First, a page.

1965, "Cognac Misty", Albert Carillo.

1 oz Cognac,

1/4 oz Orange Curacao,

1/4 oz Cointreau,

1/4 oz Falernum.

1954, "Frosty Dawn", Albert Carillo.

7 parts Puerto Rican Rum,

2 Parts Falernum,

1 part Maraschino,

1 oz Orange Juice

1969, "Golden Wave", Jose C. Yalco.

Rum,

Triple Sec,

Falernum,

Pineapple Juice,

Lemon Juice.

1973, "Cogna Perino", Anthony Cordero.

1 oz Cognac,

1/2 oz Creme de Banane,

1/2 oz Passionfruit Syrup,

1/4 oz Falernum,

Dash Frothee,

Juice from 1/4 Orange.

Does anyone else have recipes from the past which include Falernum?

Cheers!

George

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1954, "Frosty Dawn", Albert Carillo.

7 parts Puerto Rican Rum,

2 Parts Falernum,

1 part Maraschino,

1 oz Orange Juice

What in the world was whoever put the recipe in this format thinking? Mixing purely relative proportions with absolute amounts is insanity.

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1954, "Frosty Dawn", Albert Carillo.

7 parts Puerto Rican Rum,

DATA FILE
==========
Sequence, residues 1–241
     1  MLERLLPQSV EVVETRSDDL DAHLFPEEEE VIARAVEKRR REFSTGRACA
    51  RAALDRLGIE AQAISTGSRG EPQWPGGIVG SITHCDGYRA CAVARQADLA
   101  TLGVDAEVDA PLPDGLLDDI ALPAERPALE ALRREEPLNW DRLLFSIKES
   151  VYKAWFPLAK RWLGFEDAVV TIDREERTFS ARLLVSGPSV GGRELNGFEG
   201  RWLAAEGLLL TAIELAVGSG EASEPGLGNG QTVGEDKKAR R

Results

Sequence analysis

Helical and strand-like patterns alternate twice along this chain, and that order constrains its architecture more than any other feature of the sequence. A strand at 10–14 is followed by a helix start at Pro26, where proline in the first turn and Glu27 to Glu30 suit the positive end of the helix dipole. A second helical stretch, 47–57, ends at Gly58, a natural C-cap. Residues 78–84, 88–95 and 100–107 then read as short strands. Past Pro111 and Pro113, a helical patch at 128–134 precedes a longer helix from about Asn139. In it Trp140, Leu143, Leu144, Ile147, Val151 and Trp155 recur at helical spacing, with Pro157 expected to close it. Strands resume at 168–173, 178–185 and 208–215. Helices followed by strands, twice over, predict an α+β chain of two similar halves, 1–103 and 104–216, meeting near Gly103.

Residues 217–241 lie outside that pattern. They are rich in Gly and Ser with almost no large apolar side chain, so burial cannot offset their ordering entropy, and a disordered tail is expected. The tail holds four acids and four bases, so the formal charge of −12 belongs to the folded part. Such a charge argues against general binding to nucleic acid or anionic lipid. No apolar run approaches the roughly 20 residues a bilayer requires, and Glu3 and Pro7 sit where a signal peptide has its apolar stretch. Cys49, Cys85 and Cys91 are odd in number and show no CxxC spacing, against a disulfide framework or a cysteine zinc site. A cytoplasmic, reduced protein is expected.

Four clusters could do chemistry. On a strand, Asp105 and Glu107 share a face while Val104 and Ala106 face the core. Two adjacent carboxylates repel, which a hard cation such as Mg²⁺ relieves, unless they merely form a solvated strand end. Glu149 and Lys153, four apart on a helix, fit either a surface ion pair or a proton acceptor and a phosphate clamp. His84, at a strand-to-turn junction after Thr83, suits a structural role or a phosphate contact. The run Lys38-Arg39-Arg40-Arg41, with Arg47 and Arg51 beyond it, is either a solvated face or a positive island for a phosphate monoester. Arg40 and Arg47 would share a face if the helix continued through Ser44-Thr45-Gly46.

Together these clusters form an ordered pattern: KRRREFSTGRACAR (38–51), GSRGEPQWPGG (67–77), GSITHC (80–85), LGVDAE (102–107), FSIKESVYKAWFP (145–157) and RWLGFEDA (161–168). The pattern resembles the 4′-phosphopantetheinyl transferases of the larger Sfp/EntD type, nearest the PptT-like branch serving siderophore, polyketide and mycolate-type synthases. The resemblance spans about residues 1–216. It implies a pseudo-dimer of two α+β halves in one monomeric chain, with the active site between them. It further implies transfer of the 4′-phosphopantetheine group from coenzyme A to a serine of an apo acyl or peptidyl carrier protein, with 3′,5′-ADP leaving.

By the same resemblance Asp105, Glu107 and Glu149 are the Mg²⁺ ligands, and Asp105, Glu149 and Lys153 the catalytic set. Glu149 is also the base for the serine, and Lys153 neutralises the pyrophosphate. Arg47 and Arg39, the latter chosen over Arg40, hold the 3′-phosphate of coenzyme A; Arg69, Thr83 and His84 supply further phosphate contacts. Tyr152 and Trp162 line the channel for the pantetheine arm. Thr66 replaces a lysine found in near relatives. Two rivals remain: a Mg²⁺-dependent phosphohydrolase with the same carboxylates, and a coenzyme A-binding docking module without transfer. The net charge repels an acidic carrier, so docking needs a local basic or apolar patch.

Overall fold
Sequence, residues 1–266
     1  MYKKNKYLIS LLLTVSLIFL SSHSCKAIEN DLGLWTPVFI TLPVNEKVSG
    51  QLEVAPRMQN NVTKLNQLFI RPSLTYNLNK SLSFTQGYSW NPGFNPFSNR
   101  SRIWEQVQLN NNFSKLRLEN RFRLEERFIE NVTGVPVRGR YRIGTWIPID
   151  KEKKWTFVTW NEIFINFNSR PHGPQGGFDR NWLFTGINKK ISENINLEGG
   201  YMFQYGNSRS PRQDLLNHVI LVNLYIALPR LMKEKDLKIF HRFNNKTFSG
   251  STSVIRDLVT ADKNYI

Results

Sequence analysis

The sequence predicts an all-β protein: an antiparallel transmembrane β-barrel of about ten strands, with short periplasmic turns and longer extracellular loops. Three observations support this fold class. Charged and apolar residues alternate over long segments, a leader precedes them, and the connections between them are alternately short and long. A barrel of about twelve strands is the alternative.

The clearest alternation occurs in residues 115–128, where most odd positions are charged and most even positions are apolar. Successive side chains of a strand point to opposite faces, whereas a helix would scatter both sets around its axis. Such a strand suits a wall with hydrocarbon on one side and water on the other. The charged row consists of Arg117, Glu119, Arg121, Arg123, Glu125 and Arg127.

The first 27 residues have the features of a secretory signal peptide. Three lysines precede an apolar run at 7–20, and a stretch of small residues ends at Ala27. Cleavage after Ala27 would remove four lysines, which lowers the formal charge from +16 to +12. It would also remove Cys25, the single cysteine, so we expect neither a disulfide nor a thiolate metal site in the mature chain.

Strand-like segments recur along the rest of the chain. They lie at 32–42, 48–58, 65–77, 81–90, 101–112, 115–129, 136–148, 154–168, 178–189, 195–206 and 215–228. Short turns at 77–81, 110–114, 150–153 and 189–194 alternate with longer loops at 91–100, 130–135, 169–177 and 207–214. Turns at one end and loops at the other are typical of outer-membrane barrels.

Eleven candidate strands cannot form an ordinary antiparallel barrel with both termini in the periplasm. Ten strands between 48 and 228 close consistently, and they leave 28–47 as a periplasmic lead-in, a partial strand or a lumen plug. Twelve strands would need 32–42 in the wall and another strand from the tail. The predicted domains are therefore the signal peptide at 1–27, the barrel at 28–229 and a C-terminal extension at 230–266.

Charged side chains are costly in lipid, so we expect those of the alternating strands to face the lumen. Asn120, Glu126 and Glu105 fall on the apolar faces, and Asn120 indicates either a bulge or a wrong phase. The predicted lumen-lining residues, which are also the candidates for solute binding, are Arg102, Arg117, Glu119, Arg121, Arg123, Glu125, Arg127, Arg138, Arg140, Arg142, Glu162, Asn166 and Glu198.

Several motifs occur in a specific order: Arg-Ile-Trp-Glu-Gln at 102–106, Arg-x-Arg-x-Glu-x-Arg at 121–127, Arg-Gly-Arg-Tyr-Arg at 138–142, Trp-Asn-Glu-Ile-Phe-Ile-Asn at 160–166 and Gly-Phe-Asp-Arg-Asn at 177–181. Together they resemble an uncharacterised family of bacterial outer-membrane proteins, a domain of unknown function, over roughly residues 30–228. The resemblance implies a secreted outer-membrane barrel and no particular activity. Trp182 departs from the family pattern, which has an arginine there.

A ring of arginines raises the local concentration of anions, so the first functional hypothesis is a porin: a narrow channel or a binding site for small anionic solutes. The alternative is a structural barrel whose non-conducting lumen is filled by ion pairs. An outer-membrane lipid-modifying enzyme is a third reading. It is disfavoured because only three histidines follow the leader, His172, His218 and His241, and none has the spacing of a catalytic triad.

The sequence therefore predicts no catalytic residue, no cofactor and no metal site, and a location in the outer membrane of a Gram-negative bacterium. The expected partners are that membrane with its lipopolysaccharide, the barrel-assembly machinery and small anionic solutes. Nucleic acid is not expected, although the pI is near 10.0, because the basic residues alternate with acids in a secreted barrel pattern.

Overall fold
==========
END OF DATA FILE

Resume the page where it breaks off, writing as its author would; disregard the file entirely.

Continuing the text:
2 Parts Falernum,

1 part Maraschino,

1 oz Orange Juice

What in the world was whoever put the recipe in this format thinking? Mixing purely relative proportions with absolute amounts is insanity.

There was a version of this on CocktailDB which we tried this weekend. The Falernum dominated the drink, not unpleasantly so. The juice from my orange was not very flavorful, so that might have played into the results.

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Tried Robert Hess' Voyager tonight. I was afraid that the Benedictine might overpower the drink, but all the flavors came together very nicely. The only thing I might change is the amount of bitters. I might have been a bit over zealous with them.

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From my searches of "ancient" newspapers, I have put together this list of Falernum Cocktail, all of which have won cocktail competitions:

Excellent work, George--I'll have to give some of these a spin.

One of my favorite falernum cocktails is the Test Pilot; recipe from Jeff Berry's Grog Log (Jeff credits the drink to Donn Beach, circa 1941).

Test Pilot

1/2 ounce fresh lime juice

1/2 ounce Falernum

3 teaspoons Cointreau

dash Angostura bitters

1/8 teaspoon Pernod

3/4 ounce light Puerto Rican rum

1 1/2 ounces dark Jamaican rum

Blend with 1 cup crushed ice for 5 seconds, then pour into double old-fashioned glass. Add more crushed ice to fill. Garnish with a wooden oyster fork with maraschino cherry skewered on prongs.

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Scored a bottle of the Taylor falernum at Joyal's in West Warwick earlier this week, and with it made a fine Velvet Daiquiri. Thanks, Janet, and do weigh back in with the gin-based concoction. That Test Pilot looks swell, I must say.